We're partnering with Upstream Music Fest + Summit to bring the Pacific Northwest a whole new style of music festival we've never seen. Once a week for the next two months we'll be profiling local artists playing at the Festival, and speakers talking at the Summit - to start getting us all pumped up! If you're not recognizing any names - we encourage you to read on anyways. One of the main goals of Upstream is raising awareness of amazing local bands - that might not be on your radio (yet) - but are worth our time and attention.
Upstream is shaping up to be one of the biggest music festivals in the Northwest. And one thing you may not know is that there are literally dozens of guest curators helping to book the festival. These are people on the front lines of the local music scene working hard to bring the best and brightest musical acts to the show. We caught up with one of them at J&M Cafe in Pioneer Square (which will actually be one of the Upstream venues).
Michael Gill is one of the many guest curators for Upstream - in charge of booking individual stages, ensuring creatively deep and strong musical lineups throughout the festival. He also runs a company called Plus One Presents.
"Plus One has one night of kind of Punk Rock stuff and a night more on the Americana side," said Gill. "So we have a stage that the announced artists currently are Motopony and Boots to the Moon - and we have Lonely Mountain Lovers and... that's the only ones I can say right now."
Beyond creating an amazing festival for music lovers to attend, Upstream has its sights on growing the music industry here in Seattle and making connections with the tech community.
"To have the tech community and the music community really start locking in and start supporting each other... the potential there is really really huge," said Gill. "And I think it's kind of essential to Seattle right now."
Seattle has an amazing number of talented bands with breakout potential. Among them is Motopony.
Motopony is a five piece rock n roll band from Seattle.
"We play loud, fun shows," said Daniel Blue of Motopony. "Yeah! We play sort of folky, Northwest rock n roll."
They're actually going to release a single right after Upstream and tour a little bit in June, so needless to say they're getting excited for the summer. One of the members of Motopony fronts his own band, Boots to the Moon - which is also playing the festival.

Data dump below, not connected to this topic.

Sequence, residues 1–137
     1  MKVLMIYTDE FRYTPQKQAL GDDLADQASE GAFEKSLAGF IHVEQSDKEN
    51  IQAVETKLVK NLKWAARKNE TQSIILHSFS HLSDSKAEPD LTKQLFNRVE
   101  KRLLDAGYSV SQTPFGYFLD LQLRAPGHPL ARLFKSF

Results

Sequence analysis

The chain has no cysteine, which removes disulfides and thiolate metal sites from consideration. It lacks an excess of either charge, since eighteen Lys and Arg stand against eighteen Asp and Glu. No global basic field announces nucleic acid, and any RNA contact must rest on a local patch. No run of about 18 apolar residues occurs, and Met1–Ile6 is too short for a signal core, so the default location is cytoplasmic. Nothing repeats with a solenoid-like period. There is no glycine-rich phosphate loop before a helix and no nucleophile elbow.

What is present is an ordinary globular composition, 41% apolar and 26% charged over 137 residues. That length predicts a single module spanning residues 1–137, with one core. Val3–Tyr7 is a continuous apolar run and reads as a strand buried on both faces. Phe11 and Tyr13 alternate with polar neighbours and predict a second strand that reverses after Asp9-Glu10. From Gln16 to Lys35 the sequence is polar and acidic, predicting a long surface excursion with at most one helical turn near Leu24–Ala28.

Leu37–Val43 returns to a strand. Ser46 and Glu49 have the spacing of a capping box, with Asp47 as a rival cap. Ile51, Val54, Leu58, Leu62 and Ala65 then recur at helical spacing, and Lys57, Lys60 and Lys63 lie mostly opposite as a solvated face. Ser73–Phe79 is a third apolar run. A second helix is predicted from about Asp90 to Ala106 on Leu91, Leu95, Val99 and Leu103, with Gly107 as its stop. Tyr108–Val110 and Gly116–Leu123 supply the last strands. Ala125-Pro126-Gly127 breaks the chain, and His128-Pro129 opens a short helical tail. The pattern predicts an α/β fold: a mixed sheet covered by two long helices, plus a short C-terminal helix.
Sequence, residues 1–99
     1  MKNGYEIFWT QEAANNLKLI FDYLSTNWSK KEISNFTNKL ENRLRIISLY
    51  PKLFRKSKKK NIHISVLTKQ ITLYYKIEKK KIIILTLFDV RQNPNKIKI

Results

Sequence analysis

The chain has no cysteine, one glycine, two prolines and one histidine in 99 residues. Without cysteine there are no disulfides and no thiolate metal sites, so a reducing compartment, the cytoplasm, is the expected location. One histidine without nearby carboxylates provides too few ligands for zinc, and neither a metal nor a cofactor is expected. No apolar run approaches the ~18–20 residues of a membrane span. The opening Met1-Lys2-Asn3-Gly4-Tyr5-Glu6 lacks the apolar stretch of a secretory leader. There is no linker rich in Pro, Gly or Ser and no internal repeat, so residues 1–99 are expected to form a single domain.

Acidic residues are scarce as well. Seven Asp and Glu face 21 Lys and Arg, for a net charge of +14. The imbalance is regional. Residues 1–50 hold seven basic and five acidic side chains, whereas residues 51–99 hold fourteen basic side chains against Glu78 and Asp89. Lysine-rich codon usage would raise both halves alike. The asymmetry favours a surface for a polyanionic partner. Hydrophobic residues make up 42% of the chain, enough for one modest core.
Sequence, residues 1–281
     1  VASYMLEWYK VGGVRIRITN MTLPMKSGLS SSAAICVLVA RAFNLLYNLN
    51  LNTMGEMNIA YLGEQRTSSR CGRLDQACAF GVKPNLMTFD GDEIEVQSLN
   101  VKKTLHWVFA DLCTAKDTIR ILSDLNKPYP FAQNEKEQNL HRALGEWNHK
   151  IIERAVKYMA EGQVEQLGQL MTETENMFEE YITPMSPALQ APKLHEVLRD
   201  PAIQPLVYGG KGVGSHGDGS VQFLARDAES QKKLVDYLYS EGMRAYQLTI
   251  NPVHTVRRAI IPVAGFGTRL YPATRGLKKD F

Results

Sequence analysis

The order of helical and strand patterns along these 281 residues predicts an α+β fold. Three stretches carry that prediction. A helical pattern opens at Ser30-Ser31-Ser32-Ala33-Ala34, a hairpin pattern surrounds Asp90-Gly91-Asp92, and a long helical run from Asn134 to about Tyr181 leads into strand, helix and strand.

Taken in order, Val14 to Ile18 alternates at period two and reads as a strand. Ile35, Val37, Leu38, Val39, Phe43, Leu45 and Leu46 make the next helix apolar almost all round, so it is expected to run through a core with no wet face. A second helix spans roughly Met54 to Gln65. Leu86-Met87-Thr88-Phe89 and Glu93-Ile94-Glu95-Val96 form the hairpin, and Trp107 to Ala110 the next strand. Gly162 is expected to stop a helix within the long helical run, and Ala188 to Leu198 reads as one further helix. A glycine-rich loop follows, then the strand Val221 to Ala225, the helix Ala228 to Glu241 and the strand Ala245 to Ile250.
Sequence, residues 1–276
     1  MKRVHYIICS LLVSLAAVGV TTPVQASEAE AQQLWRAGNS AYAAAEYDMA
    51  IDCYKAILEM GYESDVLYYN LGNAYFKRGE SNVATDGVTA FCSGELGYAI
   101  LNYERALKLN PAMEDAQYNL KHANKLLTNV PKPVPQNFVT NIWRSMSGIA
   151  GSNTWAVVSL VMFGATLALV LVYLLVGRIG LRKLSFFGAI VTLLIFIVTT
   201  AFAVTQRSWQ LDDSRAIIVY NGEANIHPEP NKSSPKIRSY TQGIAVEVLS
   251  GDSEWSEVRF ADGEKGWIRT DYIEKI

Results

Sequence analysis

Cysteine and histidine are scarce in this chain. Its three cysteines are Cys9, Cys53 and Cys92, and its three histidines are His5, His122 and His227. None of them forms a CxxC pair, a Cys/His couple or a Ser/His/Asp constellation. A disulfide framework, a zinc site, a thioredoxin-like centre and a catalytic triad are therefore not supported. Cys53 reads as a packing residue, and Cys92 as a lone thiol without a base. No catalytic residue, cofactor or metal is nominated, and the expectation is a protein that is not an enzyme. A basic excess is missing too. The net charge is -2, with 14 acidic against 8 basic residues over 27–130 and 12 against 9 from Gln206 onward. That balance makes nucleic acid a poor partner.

"Boots to the Moon is a four piece rock n' roll group, we go by non-traditional space folk rock n' roll," said Josef Castor of Boots to the Moon. "We're excited to play Upstream! We just released a record a couple of months ago. We're working on a new one."
Unlike many festivals, Upstream will take place in lots of small clubs and non-traditional venues in and around Pioneer Square. Needless to say, it's awesome to see Pioneer Square putting some life and some live music back into its soul.
"It's really exciting," said Blue. "I think Upstream is kind of a showcase for some of the venues that are happening and also a lot of the local talent that's been brewing and feeding over the last couple of years."
And that local talent has high hopes for what this festival could mean for them.
"It feels like there's an investment, and I'm talking about green dollar bills - into the infrastructure and the economy of music," Blue continued. "And to have a live music town or a place where arts can shine - you need a platform, and things are expensive. Sound systems and venues are expensive are expensive things to run. And so people understanding that that is an investment that can grow and will return and actually putting their money where their mouth is is like - okay, like maybe this is going to like - maybe we'll be a rock star town. It'd be really exciting."